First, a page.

Everyone has an opinion on architecture, what’s yours?
By Spencer Lepler
Like many Americans, I decided to take a trip for Memorial Day; In my case, I drove to Atlanta, Georgia. Like most people, I tend to be a “grass is greener” kind of guy, and usually spend most of my vacations dreaming about living in the city I am visiting. Which is why my conclusions were so shocking to me. In spite of trying to see myself living in Atlanta, I kept finding reasons why I preferred DC.
As most people are aware, DC is a planned city. The L’Enfant plan creates an ordered grid and overlaid on a spoke and hub system which imprints a sense of order and logic to the landscape. There area very few places where this is not true, for the most part the natural terrain is either overlaid with a grid or worked into the series of skewed avenues. Much of this is owed to long term vision.
DC was planned to be a city of half a million people long before the first senator came to town. This vision was not achieved until public health advances allowed for a year round occupation of the former swamp and until the New Deal brought a demand for more Federal workers in the early twentieth century. While only half a century younger, Atlanta seems to have no sense of planning or order to the street layouts. Much of this is due to its start as a railroad town with no major geographic features to anchor its location. In addition, while the destruction of the city during the civil war and extended rebuilding through the later half of the nineteenth century provided an organic identity, it was not until the mid twentieth century and the industrial Boom of World War II that Atlanta truly boomed
Due to the layering of history and a city grid reminiscent of the cow paths of Boston mixed with the urban sprawl of Houston. Roads wind and curve around hills and meet themselves on the other side. It is only when I was at the corner of Peachtree Street, Peachtree Street SE and West Peachtree Street NW did I truly appreciate the simplicity of the DC quadrants and grid. In addition, Atlanta is peppered with development of Post War low rise mid density detached wooden housing. While the tree-lined streets of front and back yard do provide a respite from the hustle and bustle of downtown they don’t have a cohesive urban identity the way the bricks facades of the DC row houses do. Instead, I felt like I was driving through endless pockets of dense suburbia.
Speaking of sprawl, while parts of DC (outside of the L’enfant Plan) are distinctly part of the garden city suburban movement, is remarkably pedestrian and bicycle friendly. In many cases it takes less time to walk, ride the metro, or bike somewhere than it does to drive, and once you get there parking is always limited and usually expensive. Atlanta, like LA and other twentieth century boom town cities is very car centric. While curbside parking abounds, the typical 1 hour time limit restricts its practical use. In addition, a large number of business are set up in the suburban model with parking lots out front, but threatening to tow all but their current clients. I moved my car between three different parking lots on the same intersection to avoid being towed while shopping and eating. Now, of course there are areas that break this rule like Little Five Points, but even in this hip mainstream counterculture haven there are big parking lots and no direct MARTA access. This is a stark contrast to DC area shopping districts like Columbia Heights, Gallery Place, and Courthouse in Arlington which allow for an urban commercial experience, but discourage constant car access in favor of parking structures.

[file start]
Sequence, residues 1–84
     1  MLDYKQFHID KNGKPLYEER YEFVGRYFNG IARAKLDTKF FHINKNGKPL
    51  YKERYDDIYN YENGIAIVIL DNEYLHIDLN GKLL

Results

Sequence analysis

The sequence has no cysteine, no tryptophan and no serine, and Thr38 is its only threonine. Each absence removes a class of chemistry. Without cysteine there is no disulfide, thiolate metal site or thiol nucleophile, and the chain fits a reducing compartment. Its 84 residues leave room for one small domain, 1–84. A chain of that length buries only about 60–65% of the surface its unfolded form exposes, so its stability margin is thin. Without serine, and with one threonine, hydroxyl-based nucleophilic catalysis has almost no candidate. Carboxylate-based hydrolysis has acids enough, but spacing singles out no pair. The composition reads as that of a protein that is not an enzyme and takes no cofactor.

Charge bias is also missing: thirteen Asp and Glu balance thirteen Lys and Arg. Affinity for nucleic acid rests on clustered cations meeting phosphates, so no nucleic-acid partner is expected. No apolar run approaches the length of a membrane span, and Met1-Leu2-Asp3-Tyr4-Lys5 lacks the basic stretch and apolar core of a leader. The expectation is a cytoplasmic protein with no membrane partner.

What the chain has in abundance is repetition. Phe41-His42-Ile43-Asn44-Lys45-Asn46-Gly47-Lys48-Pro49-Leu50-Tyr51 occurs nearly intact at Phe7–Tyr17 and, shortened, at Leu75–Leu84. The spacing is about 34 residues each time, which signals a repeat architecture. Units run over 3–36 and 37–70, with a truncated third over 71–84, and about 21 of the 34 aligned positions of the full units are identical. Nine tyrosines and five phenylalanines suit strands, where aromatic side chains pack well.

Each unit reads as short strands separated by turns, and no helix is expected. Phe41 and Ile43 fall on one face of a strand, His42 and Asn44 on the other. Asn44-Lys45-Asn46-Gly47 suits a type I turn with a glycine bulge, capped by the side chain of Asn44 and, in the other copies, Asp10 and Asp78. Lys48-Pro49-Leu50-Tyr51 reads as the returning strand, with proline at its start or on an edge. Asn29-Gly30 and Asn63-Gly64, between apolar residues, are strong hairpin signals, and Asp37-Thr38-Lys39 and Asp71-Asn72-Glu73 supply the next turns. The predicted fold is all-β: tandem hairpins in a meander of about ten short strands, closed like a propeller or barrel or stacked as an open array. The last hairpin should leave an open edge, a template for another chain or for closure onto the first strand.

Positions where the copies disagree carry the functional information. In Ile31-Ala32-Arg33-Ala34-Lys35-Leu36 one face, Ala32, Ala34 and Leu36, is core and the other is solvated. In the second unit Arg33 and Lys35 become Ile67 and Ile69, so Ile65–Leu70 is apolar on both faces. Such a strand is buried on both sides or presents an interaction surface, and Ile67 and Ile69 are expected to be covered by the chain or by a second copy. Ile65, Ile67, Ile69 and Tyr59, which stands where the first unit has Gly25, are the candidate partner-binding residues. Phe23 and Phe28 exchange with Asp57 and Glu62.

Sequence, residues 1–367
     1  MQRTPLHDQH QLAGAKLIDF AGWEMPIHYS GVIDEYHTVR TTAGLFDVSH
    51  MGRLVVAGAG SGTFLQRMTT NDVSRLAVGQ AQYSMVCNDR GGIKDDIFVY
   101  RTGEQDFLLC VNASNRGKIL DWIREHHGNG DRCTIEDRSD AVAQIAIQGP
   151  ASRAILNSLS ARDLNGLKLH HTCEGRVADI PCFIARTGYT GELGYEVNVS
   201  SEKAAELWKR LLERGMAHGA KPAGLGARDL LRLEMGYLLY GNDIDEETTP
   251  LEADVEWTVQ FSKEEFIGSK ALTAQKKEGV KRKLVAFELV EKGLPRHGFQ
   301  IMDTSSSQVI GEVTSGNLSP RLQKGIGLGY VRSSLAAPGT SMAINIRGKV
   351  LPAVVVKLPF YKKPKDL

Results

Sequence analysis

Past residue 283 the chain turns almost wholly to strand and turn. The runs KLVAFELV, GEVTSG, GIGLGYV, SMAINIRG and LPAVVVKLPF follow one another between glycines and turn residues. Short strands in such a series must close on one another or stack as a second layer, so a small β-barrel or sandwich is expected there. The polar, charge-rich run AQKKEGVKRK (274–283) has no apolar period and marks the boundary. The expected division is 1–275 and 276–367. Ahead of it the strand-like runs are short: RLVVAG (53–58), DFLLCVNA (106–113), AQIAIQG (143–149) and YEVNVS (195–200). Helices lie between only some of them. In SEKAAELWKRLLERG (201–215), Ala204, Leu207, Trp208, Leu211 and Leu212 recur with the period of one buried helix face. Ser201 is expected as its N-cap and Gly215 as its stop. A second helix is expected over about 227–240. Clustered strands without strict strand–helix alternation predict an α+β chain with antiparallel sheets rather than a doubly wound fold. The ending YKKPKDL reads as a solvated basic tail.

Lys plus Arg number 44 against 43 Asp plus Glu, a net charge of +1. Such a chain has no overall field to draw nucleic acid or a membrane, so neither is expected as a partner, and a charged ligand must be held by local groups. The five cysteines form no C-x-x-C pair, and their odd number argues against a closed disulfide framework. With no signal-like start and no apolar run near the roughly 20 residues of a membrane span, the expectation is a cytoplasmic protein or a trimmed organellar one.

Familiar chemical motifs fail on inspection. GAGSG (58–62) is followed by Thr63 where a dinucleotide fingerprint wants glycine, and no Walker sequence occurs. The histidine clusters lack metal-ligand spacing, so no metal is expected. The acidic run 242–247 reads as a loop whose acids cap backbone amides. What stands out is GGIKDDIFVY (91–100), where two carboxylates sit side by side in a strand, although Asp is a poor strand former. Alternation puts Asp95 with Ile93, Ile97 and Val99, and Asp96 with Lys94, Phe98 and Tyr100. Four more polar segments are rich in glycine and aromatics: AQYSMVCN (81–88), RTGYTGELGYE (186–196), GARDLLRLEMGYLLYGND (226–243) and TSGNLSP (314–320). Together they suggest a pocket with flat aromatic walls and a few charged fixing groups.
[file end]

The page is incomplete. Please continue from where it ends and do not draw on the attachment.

The last thing really struck a chord with me is the placement of the Highways in Atlanta. Interstates 75, 85 and 20 provide the major arteries of the city. in fact they are the center of the city. While it is possible to get around Atlanta on surface roads alone, the highways are the main method of movement. This is a sharp contrast to DC where surface arteries like Massachusetts Avenue, Connecticut Avenue, and North Capitol Street still figure heavily into the cross city traffic patterns. Except for the Southeast Southwest Freeway and interstate/DC 295 east of the Anacostia River, there are no major cross city highways in the district. Imagine if 66 did not fuse into Constitution Avenue, but instead became a bisecting artery through the heart of the federal district. The trip between Arlington and College Park would be cut in half, but so would the city. Just as the Freeway isolates southwest from the rest of the city, the individual quarters would be much more distinct and the cohesive identity of downtown would be lost. The is the major travesty of Atlanta. The arteries act as walls dividing the city into distinctive separate parts. In DC, major traffic arteries act as unifying elements and help define the identity of neighborhoods. The new H Street Corridor and U Street are prefect examples of communities built around a major traffic arteries. In addition streets like 14th street help link disparate parts of the city while still providing pedestrian access and working within the urban context.
There is some truth to the overused quote “absence makes the heart grow fonder.” Though I enjoyed my vacation, and the new understanding I developed, It has helped me to understand some of the underlying reasons I enjoy living in the DC Metro area.
Spencer Lepler is an architectural designer nearing the end of the architecture licensing process. He has lived in the DC metro area since 2005. He posts on a semi-regular basis to his blog – selophane.com. In addition to blogging he is currently engaged in pursuing freelance design work.